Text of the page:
Estate Planning and Business Law

Introduction to Parental Protection Trusts

Following is information on a new estate planning tool that will address the long-term care needs and legacy planning of families.

The Parental Protection Trust (PPT) allows children of elderly parents to donate funds into a trust that will be set aside for future use of the parents. These funds are then preserved until the parent’s death. Upon the death of the children’s parents, all remaining assets are distributed back to the children. The PPT is designed as a 3rd-party Supplemental Needs Trust (SNT). It is to be established by children for their parents, however it may be established by anyone for anyone else.

1) When would it be appropriate to use a Parental Protection Trust?

a. If needed, the children might have excess resources that they would like to put aside for their parents' care when an elder law plan includes outright gifting to children. The PPT facilitates this. Additionally, under the right circumstances, when parents are insurable, the trustees may choose to invest trust funds in a life insurance policy with an indemnity long-term care rider. This technique can present significant benefits to the parents and children.

2) Is the life-insurance benefit taxable to the trust?

a. Life insurance benefits are not taxable to the trust, under IRC 101(a)(1).

3) If the long-term care rider benefit is triggered, is the benefit taxable?

a. If the long-term care rider benefit is triggered, the benefit is not taxable if it is an indemnity benefit. IRC 101(g)(1)(B) excludes from income "any amount received under a life insurance contract on the life of an insured who is a chronically ill individual."

4) Who is taxed on the income generated by the PPT assets?

a. The children are taxed on the income proportionately since the trust is structured as a grantor trust as to the children even if the income is distributed to the parents.

5) Are transfers to the trust by the children subject to gift tax?

a. Transfers to the trust by the children are not subject to the gift tax as the trust is designed so that gifts to the trust, by the children, are incomplete for gift-tax purposes.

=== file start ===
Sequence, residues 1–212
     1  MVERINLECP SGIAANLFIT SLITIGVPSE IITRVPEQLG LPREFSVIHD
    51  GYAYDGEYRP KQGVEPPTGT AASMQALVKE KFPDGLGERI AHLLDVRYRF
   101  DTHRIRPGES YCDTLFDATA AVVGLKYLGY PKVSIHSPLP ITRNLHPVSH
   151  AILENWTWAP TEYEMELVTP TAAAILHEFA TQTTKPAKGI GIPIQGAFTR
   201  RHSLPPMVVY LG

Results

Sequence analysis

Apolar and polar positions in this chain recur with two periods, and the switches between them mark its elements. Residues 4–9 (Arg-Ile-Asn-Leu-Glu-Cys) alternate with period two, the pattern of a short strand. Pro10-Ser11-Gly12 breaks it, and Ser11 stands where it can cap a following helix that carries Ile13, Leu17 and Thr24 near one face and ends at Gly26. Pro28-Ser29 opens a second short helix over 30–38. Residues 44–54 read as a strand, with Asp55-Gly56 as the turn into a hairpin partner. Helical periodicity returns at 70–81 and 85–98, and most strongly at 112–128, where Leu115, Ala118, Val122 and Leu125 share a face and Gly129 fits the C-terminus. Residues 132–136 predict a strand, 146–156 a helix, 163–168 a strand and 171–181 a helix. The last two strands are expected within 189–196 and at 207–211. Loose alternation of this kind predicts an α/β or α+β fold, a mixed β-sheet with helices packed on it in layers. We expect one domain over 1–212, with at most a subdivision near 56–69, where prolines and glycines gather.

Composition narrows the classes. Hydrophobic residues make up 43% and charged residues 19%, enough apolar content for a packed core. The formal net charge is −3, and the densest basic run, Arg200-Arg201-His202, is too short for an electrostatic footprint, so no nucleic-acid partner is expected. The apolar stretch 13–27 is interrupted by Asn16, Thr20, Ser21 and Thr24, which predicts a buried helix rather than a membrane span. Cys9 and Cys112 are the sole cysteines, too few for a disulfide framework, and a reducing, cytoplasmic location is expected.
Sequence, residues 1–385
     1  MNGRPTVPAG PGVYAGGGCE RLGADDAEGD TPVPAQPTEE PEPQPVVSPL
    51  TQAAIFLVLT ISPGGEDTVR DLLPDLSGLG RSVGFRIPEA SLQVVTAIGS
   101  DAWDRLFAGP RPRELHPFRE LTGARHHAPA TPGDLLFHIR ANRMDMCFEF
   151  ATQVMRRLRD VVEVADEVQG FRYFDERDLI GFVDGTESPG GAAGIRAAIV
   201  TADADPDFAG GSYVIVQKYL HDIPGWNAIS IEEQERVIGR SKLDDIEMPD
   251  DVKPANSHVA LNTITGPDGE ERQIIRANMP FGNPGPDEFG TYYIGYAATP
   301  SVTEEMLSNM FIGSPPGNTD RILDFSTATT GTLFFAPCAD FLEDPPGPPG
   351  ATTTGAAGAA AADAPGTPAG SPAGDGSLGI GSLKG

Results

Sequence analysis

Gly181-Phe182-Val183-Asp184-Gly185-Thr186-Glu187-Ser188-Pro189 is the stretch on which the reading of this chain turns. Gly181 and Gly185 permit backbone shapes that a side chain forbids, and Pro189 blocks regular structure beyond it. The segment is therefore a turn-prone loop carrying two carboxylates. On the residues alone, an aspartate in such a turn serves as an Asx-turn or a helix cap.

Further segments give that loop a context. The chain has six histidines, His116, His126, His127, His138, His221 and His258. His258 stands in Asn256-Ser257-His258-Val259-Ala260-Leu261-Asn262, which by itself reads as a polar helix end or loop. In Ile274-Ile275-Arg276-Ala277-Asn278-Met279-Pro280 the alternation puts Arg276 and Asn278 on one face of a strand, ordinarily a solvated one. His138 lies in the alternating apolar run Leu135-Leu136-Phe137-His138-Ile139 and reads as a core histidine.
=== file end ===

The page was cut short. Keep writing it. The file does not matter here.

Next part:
6) Are the assets of the PPT included in the parent's estates?

a. Assets of the PPT are not included in the parents' estates as the parents are not contributors to the trust. There are additionally no powers given to the parents that would cause estate inclusion.

7) Are the assets of the trust included in the children’s estates?

a. While assets of the trust are not included in the parent’s estates, they are included in the children's estates. Children contribute assets to the trust and retain powers (such as a lifetime and testamentary power of appointment). This will include the assets in their estates proportionately.

8) Who are the remainder beneficiaries of the Parental Protection Trust?

a. Finally, the remainder beneficiaries of the PPT are the children who establish the trust. They receive a proportionate share at the last parents' death.

Santaella & Jahangiri, LLP provides estate planning, elder law, asset protection, business, real property and litigation legal services for San Ramon, Danville, Pleasanton and Dublin, as well as the entire bay area.

If you would like more information on the Parental Protection Trusts, please contact Ivette M. Santaella, of Santaella & Jahangiri, LLP at (925) 831-4840.

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